The fourth-generation Corolla was a gigantic sales success in California, but you won’t see many of these TE72 wagons even in rust-free regions these days; nearly all of them were driven into the ground and replaced by RAV4s or Priuses a decade or two back.
Since we had wagon Junkyard Finds on Monday and Wednesday, let’s make this a Junkyard Wagon Week with this third one! (Read More…)
I live in Colorado, where the AMC Eagle sold as well in the 1980s as the Subaru Outback does now, and so I see the all-wheel-drive versions of the American Motors Concord and Spirit everywhere here. This means they show up in Denver-area self-service wrecking yards like clockwork, and I photograph them when they do (and I walk right by most air-cooled Beetles, which I know is wrong).
So far, I have documented the demise of this ’79 wagon, this ’80 coupe, this white-with-plaid-interior ’80 wagon, this GM Iron Duke-powered ’81 SX/4, this ’82 hatchback, this ’83 SX/4 Sport, this ’84 wagon, this ’84 wagon, this ’84 “woodie” wagon, and this ’85 wagon. Now we’ve got this gloriously brown-and-tan-and-beige-and-brown example of Malaise Era proto-crossover Kenosha goodness. (Read More…)
The badging on US-market Datsuns and Nissans got very confusing thanks to the Datsun-to-Nissan changeover that stretched from 1981 through 1984. It resulted in vehicles with awkward names such as “Datsun 810 Maxima By Nissan” showing up in showrooms with all the Datsun logos about to be chiseled off the walls. There was an ever-shifting cast of Bluebirds and Cherrys and Violets and Sunnys sold with American-market designations ending in “-1o” that sometimes corresponded with their corporate identifiers and sometimes didn’t. And then there was the Stanza-based 510 that wasn’t related to its beloved Bluebird-based 1968-73 namesake.
Here is such a car, spotted in a Denver self-serve yard a few weeks ago. (Read More…)
Ah, the disastrous GM diesel V-8 cars of the 1978-85 model years, equipped with failure-prone engines that scared generations of Americans away from diesel cars. Nowadays, of course, diesels work just fine (except when they don’t), but it’s good to see the occasional reminder of these miserable GM cars in the junkyard as part of our American automotive heritage. Only problem is, just about all of these cars were crushed or had gasoline-engine swaps decades ago (I recall helping my uncle drop a Chevy 307 into a very clean Olds 88, around 1988 or so).
Here’s an extremely rare example that I found in a San Francisco Bay Area self-service yard last week. (Read More…)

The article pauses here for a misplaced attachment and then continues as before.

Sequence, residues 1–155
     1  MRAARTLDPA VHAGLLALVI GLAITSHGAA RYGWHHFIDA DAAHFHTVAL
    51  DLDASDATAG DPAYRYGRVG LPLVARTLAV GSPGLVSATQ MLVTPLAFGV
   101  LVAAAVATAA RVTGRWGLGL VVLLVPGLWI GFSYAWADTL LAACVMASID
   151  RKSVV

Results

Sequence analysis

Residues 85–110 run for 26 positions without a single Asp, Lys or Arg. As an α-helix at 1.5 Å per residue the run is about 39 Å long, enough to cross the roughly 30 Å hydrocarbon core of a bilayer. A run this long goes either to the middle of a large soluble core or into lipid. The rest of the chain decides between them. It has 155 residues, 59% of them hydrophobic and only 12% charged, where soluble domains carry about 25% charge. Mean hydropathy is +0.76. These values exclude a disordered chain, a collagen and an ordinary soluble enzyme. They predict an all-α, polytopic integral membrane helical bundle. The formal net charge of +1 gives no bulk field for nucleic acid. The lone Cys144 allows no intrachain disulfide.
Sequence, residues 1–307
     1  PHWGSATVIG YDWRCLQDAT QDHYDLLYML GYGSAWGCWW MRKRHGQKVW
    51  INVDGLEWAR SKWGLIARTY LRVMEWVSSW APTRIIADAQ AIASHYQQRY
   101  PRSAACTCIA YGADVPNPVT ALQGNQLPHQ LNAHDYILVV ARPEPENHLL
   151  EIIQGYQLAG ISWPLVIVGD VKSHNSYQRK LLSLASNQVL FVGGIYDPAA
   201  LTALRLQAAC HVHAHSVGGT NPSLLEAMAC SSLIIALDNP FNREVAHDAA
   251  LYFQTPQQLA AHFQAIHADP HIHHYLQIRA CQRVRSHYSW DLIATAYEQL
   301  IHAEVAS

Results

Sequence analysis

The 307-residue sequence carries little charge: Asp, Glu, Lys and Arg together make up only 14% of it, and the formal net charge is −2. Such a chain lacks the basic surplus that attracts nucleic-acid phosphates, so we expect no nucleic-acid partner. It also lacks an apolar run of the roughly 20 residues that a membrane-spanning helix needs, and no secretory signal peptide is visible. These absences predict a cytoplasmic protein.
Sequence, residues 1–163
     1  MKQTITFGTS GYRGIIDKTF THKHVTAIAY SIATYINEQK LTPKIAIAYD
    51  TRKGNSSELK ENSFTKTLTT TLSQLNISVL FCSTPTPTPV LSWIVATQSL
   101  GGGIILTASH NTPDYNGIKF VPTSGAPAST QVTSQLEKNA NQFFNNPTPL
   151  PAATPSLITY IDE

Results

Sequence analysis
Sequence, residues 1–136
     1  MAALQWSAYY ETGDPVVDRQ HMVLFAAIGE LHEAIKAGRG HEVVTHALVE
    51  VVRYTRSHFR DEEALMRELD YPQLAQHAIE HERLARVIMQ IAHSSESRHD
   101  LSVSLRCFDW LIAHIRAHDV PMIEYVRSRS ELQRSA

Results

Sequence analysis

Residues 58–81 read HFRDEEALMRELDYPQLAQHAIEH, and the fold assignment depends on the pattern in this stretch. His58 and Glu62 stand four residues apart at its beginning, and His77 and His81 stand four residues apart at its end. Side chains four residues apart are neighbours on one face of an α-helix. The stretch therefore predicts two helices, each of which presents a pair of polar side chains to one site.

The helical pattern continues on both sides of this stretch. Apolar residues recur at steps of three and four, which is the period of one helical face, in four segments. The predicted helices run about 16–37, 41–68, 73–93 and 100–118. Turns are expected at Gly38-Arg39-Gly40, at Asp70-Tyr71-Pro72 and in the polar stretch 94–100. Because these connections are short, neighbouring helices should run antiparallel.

Examples of the Chrysler Cordoba continue to show up in the self-service wrecking yards I frequent, though I tend to skip the ones that are particularly wretched and break out my camera only when I’m in the presence of a Cordoba that still has a certain personal luxury aura.
So far in this series, we’ve seen this ’76, this ’78 (which provided me with a classy Corinthian Leather couch), this ’79, and this ’80, and now we have this fairly straight ’79 that I saw in an icy Denver yard last week. (Read More…)
The 1980s were confusing times for figuring out badges on U.S.-market Japanese cars.
You had the Toyota Corolla Tercel (which wasn’t related to the Corolla). You had the ever-shifting miasma of various Mitsubishi-based Chryslers. You had the Nissan Stanza Wagon (which was a non-Stanza Prairie at home). And you had all the brand bewilderment of the Datsun-to-Nissan changeover of the early part of the decade (to be fair, Detroit was doing the same sort of badging sleight-of-hand, e.g., front- and rear-wheel-drive Cutlasses in the same showroom).
The Datsun 810 became the Nissan Maxima during the 1981-1984 period, but it didn’t happen like flipping a switch; here’s a Datsun 810 with “by Nissan” and Maxima badging that I spotted in a Northern California wrecking yard a few months ago. (Read More…)
Because we still see them all over the roads today, the still-in-production (in China) XJ Cherokee is the best-known Jeep Cherokee. However, AMC made a two-door version of the original SJ Wagoneer, called it the Cherokee, and built it for the 1974 through 1983 model years (just to confuse things, a four-door SJ Cherokee was added to the mix a few years into production).
We saw an XJ Cherokee Junkyard Find a couple of weeks ago, and here’s a final-year-of-production SJ from the same Denver self-service yard. (Read More…)
MGBs continue to show up in self-service wrecking yards, with another rubber-bumper Malaise Era example today. In my junkyard expeditions prior to today, I’ve photographed this ’67, this ’71, this ’75, this ’77, this ’77, this ’79, and this ’79 with a Toyota 20R swap, and now we’ve got today’s Denver ’79.
In 1983, Ford decided to put the Mercury Marquis on the new-ish Fox Platform, while the Grand Marquis remained on the Panther Platform (where it would stay until the bitter end). Confused? Hey, at least the Marquis/Grand Marquis split wasn’t as puzzling as, say, the Toyota Corolla Tercel (which was unrelated to the Corolla) or the Nissan Stanza Wagon (which was only slightly related to the other US-market Stanzas).
Here’s a faded but generally solid ’83 Marquis woodie wagon I saw in Northern California in August. (Read More…)
Ford built cars on the Fox Platform for nearly or more than 20 years, depending on whether you consider the SN-95 Mustang to be a true member of the Fox family. However, most of the examples I see in junkyards aren’t of sufficient interest for me to photograph for this series.
The Foxes that have made the Junkyard Find cut tend to hail from the Malaise Era, probably because the Fox Platform was amazingly futuristic by the standards of the late-1970s/early-1980s. The Fox Capri (not to be confused with the European Ford Capri or the Australian-built, Mazda 323-based 1990s Capri) was uncommon back in the day and is now nearly extinct, so I whipped out my JDM Canon when I spotted this ’80 in a San Jose self-service yard. (Read More…)